Damien Chazelle Defends ‘First Man’ After Ridiculous American Flag Debacle

I’ve been on the road all day, only stopping periodically to see what the buzz is all about, and each time the weirdest headline kept grabbing me, “Chazelle’s First Man is un-American! Ryan Gosling Defends Film”.  Mind blown over what the Hell this could possibly be about, I found out that some were claiming his film, which depicts Neil Armstrong’s  historic flight to the moon, doesn’t show the unforgettable moment when he plants the American flag. And of course, this is an outrage. Or at least it’s a Twitter outrage, not a real one.

You’ve probably seen the screaming, angry rhetoric as well, mostly from conservatives like Bill “I’ve never been right about anything” Kristol,and Florida senator Marco Rubio who calls it “total lunacy”,  neither of whom has actually seen the film. So what’s the truth?

The truth is that First Man does have the American flag in it throughout. But does it have that iconic moment when Armstrong actually plants the flag? No, it doesn’t. Is this somehow a “politically correct” way to paint this uniquely American moment? Not at all, but a creative choice by director Damien Chazelle who wanted to focus on the parts of Armstrong’s life that we haven’t seen a thousand times before. Here’s part of his statment…

“I wanted the primary focus in that scene to be on Neil’s solitary moments on the moon — his point of view as he first exited the LEM, his time spent at Little West Crater, the memories that may have crossed his mind during his lunar EVA.”

Seems reasonable to me, so what was it that caused this Twitter shit storm? Probably some comments by Gosing during a press conference, specifically these…

I think this was widely regarded in the end as a human achievement [and] that’s how we chose to view it. I also think Neil was extremely humble, as were many of these astronauts, and time and time again he deferred the focus from himself to the 400,000 people who made the mission possible.”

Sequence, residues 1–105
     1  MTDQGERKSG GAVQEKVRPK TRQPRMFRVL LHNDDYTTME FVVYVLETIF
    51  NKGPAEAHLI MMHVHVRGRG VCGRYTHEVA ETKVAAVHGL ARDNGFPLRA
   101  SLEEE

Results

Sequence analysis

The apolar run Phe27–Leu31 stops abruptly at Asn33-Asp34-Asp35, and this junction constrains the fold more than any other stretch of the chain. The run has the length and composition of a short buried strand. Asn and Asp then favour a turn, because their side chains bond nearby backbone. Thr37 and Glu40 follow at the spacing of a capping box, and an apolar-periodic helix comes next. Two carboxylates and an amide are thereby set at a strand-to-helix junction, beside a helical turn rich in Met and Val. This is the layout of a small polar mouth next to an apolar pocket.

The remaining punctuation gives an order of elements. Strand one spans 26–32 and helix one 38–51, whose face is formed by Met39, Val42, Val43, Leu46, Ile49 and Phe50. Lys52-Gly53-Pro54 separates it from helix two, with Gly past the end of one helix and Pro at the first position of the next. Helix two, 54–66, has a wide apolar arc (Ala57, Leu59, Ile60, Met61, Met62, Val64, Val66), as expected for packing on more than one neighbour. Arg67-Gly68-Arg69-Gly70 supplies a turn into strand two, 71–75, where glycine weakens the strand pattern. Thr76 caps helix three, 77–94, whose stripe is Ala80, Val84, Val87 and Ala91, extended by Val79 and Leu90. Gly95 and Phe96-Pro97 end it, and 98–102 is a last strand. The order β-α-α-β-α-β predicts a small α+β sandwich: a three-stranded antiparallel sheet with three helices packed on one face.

“So I don’t think that Neil viewed himself as an American hero. From my interviews with his family and people that knew him, it was quite the opposite. And we wanted the film to reflect Neil.”

Because we’re talking about Twitter outrage, and faux-conservative outrage at that, of course this was blown out of proporation and slanted to mean that Chazelle was trying to strip America of this incredible feat. That’s obviously absurd, even for a movie that will play globally, but you can see how Gosling opened the film up to criticism. I’m sure he was just trying to talk to the audience, and since he was at the Venice Film Festival it was a gaggle of international press.

The take home from this debacle? Maybe it’s best to watch the movie before you shit all over it. Oh, and Neil Armstrong’s sons? They don’t think the film is anti-American in the least. See their statement below.  [Deadline]

We’ve read a number of comments about the film today and specifically about the absence of the flag planting scene, made largely by people who haven’t seen the movie.  As we’ve seen it multiple times, we thought maybe we should weigh in. 
This is a film that focuses on what you don’t know about Neil Armstrong.  It’s a film that focuses on things you didn’t see or may not remember about Neil’s journey to the moon.  The filmmakers spent years doing extensive research to get at the man behind the myth, to get at the story behind the story.  It’s a movie that gives you unique insight into the Armstrong family and fallen American Heroes like Elliot See and Ed White.  It’s a very personal movie about our dad’s journey, seen through his eyes. 
This story is human and it is universal.  Of course, it celebrates an America achievement.  It also celebrates an achievement “for all mankind,” as it says on the plaque Neil and Buzz left on the moon.  It is a story about an ordinary man who makes profound sacrifices and suffers through intense loss in order to achieve the impossible.
Although Neil didn’t see himself that way, he was an American hero.  He was also an engineer and a pilot, a father, and a friend, a man who suffered privately through great tragedies with incredible grace.  This is why, though there are numerous shots of the American flag on the moon, the filmmakers chose to focus on Neil looking back at the earth, his walk to Little West Crater, his unique, personal experience of completing this journey, a journey that has seen so many incredible highs and devastating lows.
In short, we do not feel this movie is anti-American in the slightest.  Quite the opposite.  But don’t take our word for it.  We’d encourage everyone to go see this remarkable film and see for themselves.


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